If all you listened to was the six o’clock news, you’d think we should all get ready for the unemployment line. Gas prices are way up, and the housing market has been down for months. The dollar is weak, and companies are laying off hundreds of workers on a regular basis.
On the other hand, when I talk to people in the fluid power industry, business is great. One company official mentioned that when business is up, it’s usually because one sector shows very strong growth. He said he’s been seeing moderate growth in all sectors of his business, so the overall results are very good. Others report that specialized markets they entered a few years ago are paying off big time. Distributors I’ve talked to seem to echo these results.
Now I understand that I am part of the media, so some people might be reluctant to tell me if business is lousy, or that they’re on the verge of bankruptcy. And my scope is rather limited to fluid power, so I may not see the forest for the trees. But compared to the information people have shared with me in the past, the fluid power sector seems pretty healthy.
Yes, gas prices are up and the dollar is down. But the weak dollar has two faces. A weak dollar means we have to pay more for foreign goods, such as oil. On the other hand, a weak dollar makes our products more affordable for overseas buyers. So I would think this is one reason why business in the manufacturing sector seems to be doing well. I’ve even heard from people overseas who will be vacationing in the US because air fares and US prices compare favorably to other destinations.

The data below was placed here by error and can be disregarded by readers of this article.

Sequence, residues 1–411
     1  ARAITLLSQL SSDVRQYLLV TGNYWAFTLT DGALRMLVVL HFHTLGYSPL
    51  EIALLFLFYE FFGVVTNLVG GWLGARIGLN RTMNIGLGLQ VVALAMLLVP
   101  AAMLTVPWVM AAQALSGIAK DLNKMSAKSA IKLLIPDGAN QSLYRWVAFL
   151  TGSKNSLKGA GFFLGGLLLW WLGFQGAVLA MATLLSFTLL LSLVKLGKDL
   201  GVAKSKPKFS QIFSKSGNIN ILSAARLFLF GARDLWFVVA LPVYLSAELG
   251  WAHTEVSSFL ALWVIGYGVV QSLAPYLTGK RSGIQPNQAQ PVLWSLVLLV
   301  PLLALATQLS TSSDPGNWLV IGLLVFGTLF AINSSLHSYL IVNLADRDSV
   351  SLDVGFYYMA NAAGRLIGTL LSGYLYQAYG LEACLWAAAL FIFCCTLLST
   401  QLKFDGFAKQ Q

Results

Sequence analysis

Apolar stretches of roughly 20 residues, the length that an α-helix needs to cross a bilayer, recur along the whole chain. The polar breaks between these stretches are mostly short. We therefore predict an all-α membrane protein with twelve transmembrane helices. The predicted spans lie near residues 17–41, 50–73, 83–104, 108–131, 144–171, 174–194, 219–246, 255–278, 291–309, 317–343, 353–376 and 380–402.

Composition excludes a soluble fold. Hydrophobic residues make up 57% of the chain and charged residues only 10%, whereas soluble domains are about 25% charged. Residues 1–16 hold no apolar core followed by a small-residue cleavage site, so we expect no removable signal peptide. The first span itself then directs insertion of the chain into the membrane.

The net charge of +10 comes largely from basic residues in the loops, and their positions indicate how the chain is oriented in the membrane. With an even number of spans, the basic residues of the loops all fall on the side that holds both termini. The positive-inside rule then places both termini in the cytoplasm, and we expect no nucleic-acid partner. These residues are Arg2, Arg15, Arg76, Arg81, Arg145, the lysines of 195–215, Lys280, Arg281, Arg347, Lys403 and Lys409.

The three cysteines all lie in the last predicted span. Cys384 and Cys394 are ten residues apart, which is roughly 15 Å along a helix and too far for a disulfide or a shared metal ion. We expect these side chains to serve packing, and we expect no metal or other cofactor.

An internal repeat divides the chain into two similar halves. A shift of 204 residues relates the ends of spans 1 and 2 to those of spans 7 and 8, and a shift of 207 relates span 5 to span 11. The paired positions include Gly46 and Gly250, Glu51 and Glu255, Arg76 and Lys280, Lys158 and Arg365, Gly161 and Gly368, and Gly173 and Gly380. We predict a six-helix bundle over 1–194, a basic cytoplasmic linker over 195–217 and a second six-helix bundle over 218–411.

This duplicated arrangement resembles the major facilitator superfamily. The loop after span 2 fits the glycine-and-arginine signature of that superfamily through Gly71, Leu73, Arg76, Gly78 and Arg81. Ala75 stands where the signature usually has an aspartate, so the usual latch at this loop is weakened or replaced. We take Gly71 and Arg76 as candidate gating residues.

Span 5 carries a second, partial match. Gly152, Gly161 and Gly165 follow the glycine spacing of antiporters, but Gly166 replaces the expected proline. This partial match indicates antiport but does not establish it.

Another concern is layoffs. But consolidation within virtually all industries has been going on for years, and workforce reduction is one of the reasons why mergers occur. So when one company buys or merges with another, naturally, they won’t need as many workers.
But these are all just observations. I haven’t analyzed any numbers or pored over any financial reports. But I know people who have. They are the economists and financial and market experts who present their observations at NFPA’s annual Economic Outlook Conference, being held this year August 19 and 20 at the Westin Chicago North Shore hotel and conference center in Wheeling, Ill. Visit www.nfpa.com or call (414) 778-3344 for details.
Most of us don’t enjoy analyzing financial reports or applying economics. If we did, we would’ve pursued economics or accounting, not a technical field. But the presenters at the EOC spend their lives studying markets and money, so we don’t have to. But just as important, they are entertaining speakers. Somehow, they make all this stuff meaningful, interesting, and with a generous dose of humor.
I suppose it’s like a scene from one of my favorite movies, Mary Poppins. Mary explains that injecting some fun into an otherwise mundane task makes everything a little easier. The discussion transitions into a musical number that “just a spoonful of sugar helps the medicine go down, in a most delightful way.”